Writers: Mike Morris &Steve Higginson
Director: Carl Cockram
Reviewer: Vicki Goodwin
After the overwhelming critical acclaim of their debut run back in 2012, it was no real surprise that the cast and crew of ‘Waiting for Brando’ would be back for more. Arguably one of the most refreshing pieces of theatre to grace a Liverpool stage in quite some time, ‘Waiting for Brando’ holds an undeniable charm for local audiences. This second run gives those of us who missed out, no excuse to make the same mistake twice!
Set against the tumultuous backdrop of the McCarthy witch hunts, ‘Waiting for Brando’ is essentially a two story play that tackles a tale of brotherhood, betrayal, and a cracking urban myth concerning Eddie and Vinnie (Daniel Hayes and Joe Shipman), two seamen from the Mersey, who were allowed to stay drinking in a New Jersey bar while Brando was filming a scene for ‘On the Waterfront.’
The play opens with Eddie waiting alone in an empty bar, for his brother Vinnie. Hayes and Shipman give a powerful performance as two brothers on the cusp of their future. The two actors are mesmerising, pulling us in to a story that may seem unconnected to the other, but is sophistically linked. Meanwhile, legendary film director, Kazan (Paul Duckworth) is working on the screenplay for ‘On the Waterfront.’ Haunted by his decision to ‘name names’ at Senator McCarthy’s witch-hunting hearings, Kazan must now contemplate his own future. Playwright Arthur Miller (Carl Cockram) is horrified by the choices that his ex-friend has made, and faces an unsure journey with him. The scenes between the two men are completely absorbing, showing us the grim realities of 1950’s Hollywood, and the collapse of the American dream. This is a performance in which each actor is sublime, giving the audience a passionate portrayal with moments when you can feel your breath being taken away.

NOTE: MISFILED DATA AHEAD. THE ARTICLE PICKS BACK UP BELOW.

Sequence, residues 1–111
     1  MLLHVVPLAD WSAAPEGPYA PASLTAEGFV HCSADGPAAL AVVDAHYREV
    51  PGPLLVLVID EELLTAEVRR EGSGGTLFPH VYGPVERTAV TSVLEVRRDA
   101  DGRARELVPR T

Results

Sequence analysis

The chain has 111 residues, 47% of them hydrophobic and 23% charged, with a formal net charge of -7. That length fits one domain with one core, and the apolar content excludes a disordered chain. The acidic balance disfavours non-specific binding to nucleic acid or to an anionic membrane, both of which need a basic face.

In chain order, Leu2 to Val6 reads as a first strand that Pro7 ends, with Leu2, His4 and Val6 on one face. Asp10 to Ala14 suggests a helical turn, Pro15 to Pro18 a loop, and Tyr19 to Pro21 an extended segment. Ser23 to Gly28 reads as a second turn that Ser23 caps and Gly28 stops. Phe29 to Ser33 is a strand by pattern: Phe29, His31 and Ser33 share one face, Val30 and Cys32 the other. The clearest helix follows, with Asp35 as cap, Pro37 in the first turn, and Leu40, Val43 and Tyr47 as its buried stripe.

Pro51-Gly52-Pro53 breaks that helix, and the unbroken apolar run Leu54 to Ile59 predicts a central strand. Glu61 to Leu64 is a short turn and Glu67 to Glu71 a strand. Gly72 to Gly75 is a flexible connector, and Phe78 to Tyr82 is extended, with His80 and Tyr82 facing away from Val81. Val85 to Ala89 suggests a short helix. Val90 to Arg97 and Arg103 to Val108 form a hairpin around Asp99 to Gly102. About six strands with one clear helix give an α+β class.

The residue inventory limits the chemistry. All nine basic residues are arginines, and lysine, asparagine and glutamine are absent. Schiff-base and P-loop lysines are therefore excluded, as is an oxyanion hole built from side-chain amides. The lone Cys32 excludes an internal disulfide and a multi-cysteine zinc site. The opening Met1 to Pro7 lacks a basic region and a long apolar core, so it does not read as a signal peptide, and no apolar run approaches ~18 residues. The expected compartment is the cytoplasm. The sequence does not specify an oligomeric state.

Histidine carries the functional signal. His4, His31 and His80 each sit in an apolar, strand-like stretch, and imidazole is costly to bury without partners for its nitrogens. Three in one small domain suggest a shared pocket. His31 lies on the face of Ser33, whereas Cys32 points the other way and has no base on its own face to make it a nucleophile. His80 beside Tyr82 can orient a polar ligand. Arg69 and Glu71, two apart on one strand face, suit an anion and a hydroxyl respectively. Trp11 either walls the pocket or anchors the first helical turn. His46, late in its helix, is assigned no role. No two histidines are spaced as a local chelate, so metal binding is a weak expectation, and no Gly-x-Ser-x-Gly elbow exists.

Every inch of space is well used in the intimate surroundings of Unity Theatre. As the action switches from one side of the stage to the other, you get the sense that it’s this intimacy that holds us so enthralled. Sound and lighting are expertly managed, from the jukebox to the echoing inside Kazan’s mind, no technique is overused or forced, suggesting a performance that never overreaches its powerful stance.
While this performance may be stacked to the brim with local appeal, it’s a play that holds mass interest. I’m sure that it won’t be too long before ‘Waiting for Brando’ finds itself on yet another run, but in the meantime, don’t miss out on what is a truly captivating experience.
Runs at the Unity Theatre until April 20th